Jaguar is just one of the many motoring names with links to the West Midlands: Rover, Singer, Triumph, Healey, Humber, Standard, Land Rover, Daimler, Morris, Austin, Hillman – the list goes on and on. When the UK’s population began to discover the joys of the open road in the twentieth century, it was our factories that produced the vehicles that got Britain moving. In 1960, with the UK’s first motorways driving private car ownership, the West Midlands’ workforce was the best paid in Europe.

Today, carmakers still call the West Midlands home. Over the last decade they have seen considerable success. After the financial crisis of 2009, production levels rose steadily, reaching a peak in 2016, thanks to investment and the popularity of our cars around the world. This progress must not be squandered. A No Deal Brexit remains a hurdle, potentially affecting supply chains and disrupting the arrival of just-in-time components to production lines.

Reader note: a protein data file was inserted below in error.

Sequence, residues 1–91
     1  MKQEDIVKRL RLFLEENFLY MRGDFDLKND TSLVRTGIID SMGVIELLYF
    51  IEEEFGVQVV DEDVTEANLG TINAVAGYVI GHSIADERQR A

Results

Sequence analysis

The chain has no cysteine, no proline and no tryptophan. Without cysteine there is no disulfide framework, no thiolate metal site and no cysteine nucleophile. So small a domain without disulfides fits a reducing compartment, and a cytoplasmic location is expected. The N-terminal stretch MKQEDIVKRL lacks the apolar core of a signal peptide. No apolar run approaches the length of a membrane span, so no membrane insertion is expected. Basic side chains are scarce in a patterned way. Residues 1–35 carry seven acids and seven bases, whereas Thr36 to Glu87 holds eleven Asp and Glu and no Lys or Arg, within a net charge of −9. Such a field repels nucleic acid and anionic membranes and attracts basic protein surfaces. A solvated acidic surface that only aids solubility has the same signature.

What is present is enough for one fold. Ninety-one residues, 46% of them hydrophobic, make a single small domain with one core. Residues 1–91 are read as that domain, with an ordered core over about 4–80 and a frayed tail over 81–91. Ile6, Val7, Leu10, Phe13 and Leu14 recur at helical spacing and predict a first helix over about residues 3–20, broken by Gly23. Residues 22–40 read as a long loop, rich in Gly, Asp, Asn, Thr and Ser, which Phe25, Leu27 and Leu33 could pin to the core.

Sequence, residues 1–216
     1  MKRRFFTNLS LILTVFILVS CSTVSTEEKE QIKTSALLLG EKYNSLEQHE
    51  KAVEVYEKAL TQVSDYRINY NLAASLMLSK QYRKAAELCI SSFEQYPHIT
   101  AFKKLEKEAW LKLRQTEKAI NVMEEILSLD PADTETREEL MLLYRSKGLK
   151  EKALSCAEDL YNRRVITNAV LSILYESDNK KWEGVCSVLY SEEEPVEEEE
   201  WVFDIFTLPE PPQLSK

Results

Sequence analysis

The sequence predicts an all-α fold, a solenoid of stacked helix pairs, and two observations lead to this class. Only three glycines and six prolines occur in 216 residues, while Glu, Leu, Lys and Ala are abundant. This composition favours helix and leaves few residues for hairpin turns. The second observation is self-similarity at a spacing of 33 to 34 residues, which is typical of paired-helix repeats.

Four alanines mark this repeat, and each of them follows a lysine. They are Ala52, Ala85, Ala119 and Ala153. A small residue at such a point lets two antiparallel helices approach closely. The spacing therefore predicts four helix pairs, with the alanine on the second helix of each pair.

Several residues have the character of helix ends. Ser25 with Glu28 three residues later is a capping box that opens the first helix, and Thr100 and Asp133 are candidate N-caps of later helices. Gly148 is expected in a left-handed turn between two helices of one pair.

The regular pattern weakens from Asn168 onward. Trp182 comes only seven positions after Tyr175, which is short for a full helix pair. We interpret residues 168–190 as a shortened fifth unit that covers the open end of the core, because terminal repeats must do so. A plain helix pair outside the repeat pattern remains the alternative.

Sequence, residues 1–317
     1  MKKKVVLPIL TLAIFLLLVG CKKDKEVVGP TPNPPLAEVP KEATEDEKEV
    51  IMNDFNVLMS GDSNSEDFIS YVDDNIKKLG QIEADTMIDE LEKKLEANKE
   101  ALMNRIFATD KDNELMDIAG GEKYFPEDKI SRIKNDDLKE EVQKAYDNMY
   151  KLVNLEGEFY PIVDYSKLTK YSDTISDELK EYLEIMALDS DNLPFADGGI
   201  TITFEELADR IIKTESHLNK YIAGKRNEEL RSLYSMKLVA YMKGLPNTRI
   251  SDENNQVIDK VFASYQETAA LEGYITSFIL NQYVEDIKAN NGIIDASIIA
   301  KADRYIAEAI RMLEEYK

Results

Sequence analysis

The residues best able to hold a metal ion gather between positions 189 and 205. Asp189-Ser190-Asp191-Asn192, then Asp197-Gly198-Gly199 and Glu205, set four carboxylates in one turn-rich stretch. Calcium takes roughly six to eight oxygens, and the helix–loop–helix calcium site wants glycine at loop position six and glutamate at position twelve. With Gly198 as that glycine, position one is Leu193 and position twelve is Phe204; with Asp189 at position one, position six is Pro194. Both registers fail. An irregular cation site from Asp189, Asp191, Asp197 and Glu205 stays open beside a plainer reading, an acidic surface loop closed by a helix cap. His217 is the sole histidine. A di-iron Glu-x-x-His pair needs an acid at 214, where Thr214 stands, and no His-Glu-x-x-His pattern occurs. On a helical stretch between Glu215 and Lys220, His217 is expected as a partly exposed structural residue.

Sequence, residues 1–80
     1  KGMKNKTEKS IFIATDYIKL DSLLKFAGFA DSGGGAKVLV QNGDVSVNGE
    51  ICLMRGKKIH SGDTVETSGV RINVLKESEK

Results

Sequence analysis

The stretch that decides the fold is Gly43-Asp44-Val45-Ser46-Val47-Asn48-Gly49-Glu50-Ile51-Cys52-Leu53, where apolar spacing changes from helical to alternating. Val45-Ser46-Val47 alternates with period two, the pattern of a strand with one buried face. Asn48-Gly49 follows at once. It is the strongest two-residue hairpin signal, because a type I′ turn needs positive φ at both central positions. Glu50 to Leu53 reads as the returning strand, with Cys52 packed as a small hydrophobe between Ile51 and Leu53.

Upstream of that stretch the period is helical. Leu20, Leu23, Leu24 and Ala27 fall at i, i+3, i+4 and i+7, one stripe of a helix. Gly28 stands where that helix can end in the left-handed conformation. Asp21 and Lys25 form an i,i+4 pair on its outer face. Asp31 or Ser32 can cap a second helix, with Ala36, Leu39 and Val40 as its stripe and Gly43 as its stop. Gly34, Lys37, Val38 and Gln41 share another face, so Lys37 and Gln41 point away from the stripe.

The national Industrial Strategy, one of the defining legacies of Theresa May’s Government, earmarks the future of mobility as one of the UK’s ‘grand challenges’. Tellingly, the map it uses to outline the location of automotive activity glows red around the West Midlands, with 50 per cent of all research and development in the sector done within 25 miles of Birmingham.

If autonomous vehicles and greener power are to deliver an exciting new era in motoring, this investment in R&D is vital to turn ideas into reality.